By: Diane Kashin, Ed.D, RECE and Cindy Green, BSc, RECE. As we age, it is healthy to give advice and to feel that our long careers in the profession of early childhood education has been meaningful. We have both retired from full-time work teaching early childhood education at the same community college. There, the working culture did not always feel open or collaborative. Our advice was not always welcome or heeded. Now we both work as early learning consultants presenting workshops and offering advice whenever asked. Even though we both enjoy watching the sun disappear in the evening sky, our sunset years are busier than ever. And, this is by choice!
We began our careers in early childhood education, not too long after child care had become a formally organized, regulated service connected to diploma and degree programs offered at colleges and universities. We confronted and reframed our image of the college professor as sage on the stage who lectures to students who sit, listen and take notes. We both worked hard to equip our workshop rooms with hands-on materials designed to offer students opportunities to play and learn. Rather than sage on the stage, we were guides on the side. Now from the platform of this blog and the wisdom gained from age, research and experience, we would like to assume the sage position and offer our advice. Collectively our top three pieces of advice begin as follows:
Number One: Never forget the power of playing and learning at all ages. It will keep you feeling young, energized and strengthen your resolve and commitment to the importance of play-based learning for children.
Number Two: Be passionate! We believe in order to thrive as an early learning teacher, you need to be passionate about children’s play and learning. We wonder how it is possible not to be?
Number Three: Rise by lifting others. As pedagogical leaders we see ourselves as mentors and in order to help others develop, we must lift them up, not bring them down.
Do not underestimate the power of play. In this photo we were facilitating a risky play workshop and offered the participants materials to mess about with and engage in risky play. When we walked through the forest observing and interacting, we came upon this swing, we were compelled to test it out! You can play with materials and mess about, you can also play with ideas while messing about. We are suggesting that you can also play with advice. We are calling on the sages of our profession and asking the question; what advice would they give their younger selves? Play the game!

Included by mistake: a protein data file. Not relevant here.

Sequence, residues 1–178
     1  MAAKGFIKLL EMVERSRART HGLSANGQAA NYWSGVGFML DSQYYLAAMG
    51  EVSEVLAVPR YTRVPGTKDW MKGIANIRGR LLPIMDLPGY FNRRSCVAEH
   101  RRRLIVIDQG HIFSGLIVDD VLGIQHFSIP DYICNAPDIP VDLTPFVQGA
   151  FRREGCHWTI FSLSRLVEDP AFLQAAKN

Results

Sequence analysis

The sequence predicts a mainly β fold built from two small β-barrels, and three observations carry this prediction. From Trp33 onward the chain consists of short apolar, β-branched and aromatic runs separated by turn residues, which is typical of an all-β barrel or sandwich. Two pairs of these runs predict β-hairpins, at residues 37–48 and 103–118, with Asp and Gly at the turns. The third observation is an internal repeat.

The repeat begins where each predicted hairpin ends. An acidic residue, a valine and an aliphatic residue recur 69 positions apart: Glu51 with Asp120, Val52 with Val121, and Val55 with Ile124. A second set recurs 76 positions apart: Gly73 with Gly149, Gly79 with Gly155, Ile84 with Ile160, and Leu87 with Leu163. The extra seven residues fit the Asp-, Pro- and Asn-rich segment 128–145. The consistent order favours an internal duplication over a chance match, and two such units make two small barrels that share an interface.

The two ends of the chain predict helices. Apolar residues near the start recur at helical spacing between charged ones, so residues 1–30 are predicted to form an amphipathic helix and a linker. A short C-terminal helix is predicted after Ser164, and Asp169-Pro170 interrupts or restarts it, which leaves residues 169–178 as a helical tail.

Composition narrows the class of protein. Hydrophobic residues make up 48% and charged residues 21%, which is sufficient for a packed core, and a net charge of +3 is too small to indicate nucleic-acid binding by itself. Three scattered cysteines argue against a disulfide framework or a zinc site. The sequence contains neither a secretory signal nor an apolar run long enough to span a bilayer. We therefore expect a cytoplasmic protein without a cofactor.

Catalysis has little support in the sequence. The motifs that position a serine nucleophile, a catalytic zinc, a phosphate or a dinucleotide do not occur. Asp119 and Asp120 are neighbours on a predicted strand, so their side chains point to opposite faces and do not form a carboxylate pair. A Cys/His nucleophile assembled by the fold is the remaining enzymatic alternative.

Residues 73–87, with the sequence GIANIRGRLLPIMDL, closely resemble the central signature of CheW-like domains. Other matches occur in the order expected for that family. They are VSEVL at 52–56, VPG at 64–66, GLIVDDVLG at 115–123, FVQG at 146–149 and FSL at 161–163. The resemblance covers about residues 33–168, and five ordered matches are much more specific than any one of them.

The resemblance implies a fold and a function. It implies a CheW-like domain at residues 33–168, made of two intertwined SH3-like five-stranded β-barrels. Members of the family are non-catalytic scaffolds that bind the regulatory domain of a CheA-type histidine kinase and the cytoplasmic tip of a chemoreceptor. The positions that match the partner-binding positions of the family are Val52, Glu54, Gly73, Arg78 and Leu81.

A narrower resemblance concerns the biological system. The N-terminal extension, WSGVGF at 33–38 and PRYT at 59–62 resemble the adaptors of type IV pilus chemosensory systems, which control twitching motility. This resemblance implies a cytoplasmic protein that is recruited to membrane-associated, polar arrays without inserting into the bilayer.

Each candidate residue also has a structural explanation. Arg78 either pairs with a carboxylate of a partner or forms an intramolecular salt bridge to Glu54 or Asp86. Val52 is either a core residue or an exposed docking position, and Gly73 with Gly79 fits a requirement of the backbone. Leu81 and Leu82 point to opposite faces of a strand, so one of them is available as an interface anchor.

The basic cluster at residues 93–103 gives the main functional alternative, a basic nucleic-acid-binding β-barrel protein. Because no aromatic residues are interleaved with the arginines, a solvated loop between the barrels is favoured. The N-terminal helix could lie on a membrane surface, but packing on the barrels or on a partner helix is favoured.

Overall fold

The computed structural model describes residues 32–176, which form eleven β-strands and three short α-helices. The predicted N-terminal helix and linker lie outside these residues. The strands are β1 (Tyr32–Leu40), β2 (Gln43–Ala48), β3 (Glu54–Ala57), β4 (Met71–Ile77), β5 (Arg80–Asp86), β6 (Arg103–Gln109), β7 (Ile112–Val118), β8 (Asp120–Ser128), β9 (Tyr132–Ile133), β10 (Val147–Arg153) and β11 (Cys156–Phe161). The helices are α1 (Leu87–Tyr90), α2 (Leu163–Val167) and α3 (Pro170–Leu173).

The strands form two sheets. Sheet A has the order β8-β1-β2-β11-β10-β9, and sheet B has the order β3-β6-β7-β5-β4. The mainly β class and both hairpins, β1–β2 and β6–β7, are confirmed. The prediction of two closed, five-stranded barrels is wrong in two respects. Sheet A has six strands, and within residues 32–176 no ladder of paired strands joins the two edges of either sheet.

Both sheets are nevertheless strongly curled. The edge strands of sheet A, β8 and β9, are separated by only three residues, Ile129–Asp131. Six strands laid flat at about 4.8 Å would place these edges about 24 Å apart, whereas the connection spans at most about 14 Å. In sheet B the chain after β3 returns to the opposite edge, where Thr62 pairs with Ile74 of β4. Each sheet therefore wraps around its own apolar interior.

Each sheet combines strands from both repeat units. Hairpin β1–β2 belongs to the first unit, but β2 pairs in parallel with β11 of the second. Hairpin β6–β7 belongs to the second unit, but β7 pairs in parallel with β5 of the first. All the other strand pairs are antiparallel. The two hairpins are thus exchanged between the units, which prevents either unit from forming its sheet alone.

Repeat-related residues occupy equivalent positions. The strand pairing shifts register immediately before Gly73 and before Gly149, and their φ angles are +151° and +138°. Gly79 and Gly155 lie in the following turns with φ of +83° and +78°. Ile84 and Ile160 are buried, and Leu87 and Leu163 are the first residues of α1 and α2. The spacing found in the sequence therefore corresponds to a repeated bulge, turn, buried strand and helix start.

After some reflection and discussion with Diane, if I could give advice to my younger self, I (Cindy) would say that I needed to know more about the responsibilities that come with working in this profession. I now know that it is an honour to do the work that I do. Something else that I can share would be to slow down and take more time to listen to the perspective of others before charging in and making changes and decisions without collaboration. Looking back now, I wonder how many colleagues perceived me as a bull in a china shop, rushing about with little regard to the value of what was in my midst?
Another piece of advice would be to reframe my image of children and families and my role in regard to this relationship. As a young educator, working as a resource teacher supporting children and families, I remember now thinking that I knew what was best for the child from a holistic and developmental perspective. I had to learn and value that family members are a child’s first and foremost teachers and caregivers, and that they are deserving of genuine respect.
If I could give advice to my younger self, I would simply say, always in kindness and don’t fight every battle. I have been described by others as outspoken. I have lived my professional life, unafraid to speak up when in disagreement. I wasn’t always kind. I was forthright and brash. In retrospect, I fought too many battles, many not even my own. In the fullness of time, some of these issues would have worked themselves out. If they didn’t, my world would have been very different had I approached others with kindness, always with kindness. I do have one last piece of advice to my younger self and to anyone who is reading this post. Challenge yourself to continue to learn professionally outside your comfort zone. Find something you don’t know because there is so much to learn, and you don’t know what you don’t know. I especially look forward to experiencing the conference, Land as Our First Teacher: Establishing and Maintaining Relationship with Cindy and many others. I am now recognizing something I did not realize as a young early childhood educator. I am learning what Indigenous peoples have always known: we learn best in a community of positive relationships connected to our natural environment. We feel very strongly that the experience of this conference is important to all early childhood educators and all children. As an incentive to register, we have received donations of $1,200.00 worth of gift cards from Scholar’s Choice and Louise Kool and Galt. If you register or have registered, you will have a chance to win! We also want to hear from you. What professional advice would you give your younger self? Comment below and your name will be entered to win a copy of the textbook, Outdoor and Nature Play in Early Childhood Education, in which you will find the picture of us playing outside! If you comment and you register for the conference you double your chance of winning the book!! Share your wisdom – give some advice!